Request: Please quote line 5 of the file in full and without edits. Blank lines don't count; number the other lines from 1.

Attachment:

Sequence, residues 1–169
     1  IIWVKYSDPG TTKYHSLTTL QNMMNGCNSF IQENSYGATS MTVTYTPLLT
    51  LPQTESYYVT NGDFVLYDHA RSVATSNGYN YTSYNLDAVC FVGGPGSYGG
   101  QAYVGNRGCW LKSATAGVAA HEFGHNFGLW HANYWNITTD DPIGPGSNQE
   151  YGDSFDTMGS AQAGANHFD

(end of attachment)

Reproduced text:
   151  YGDSFDTMGS AQAGANHFD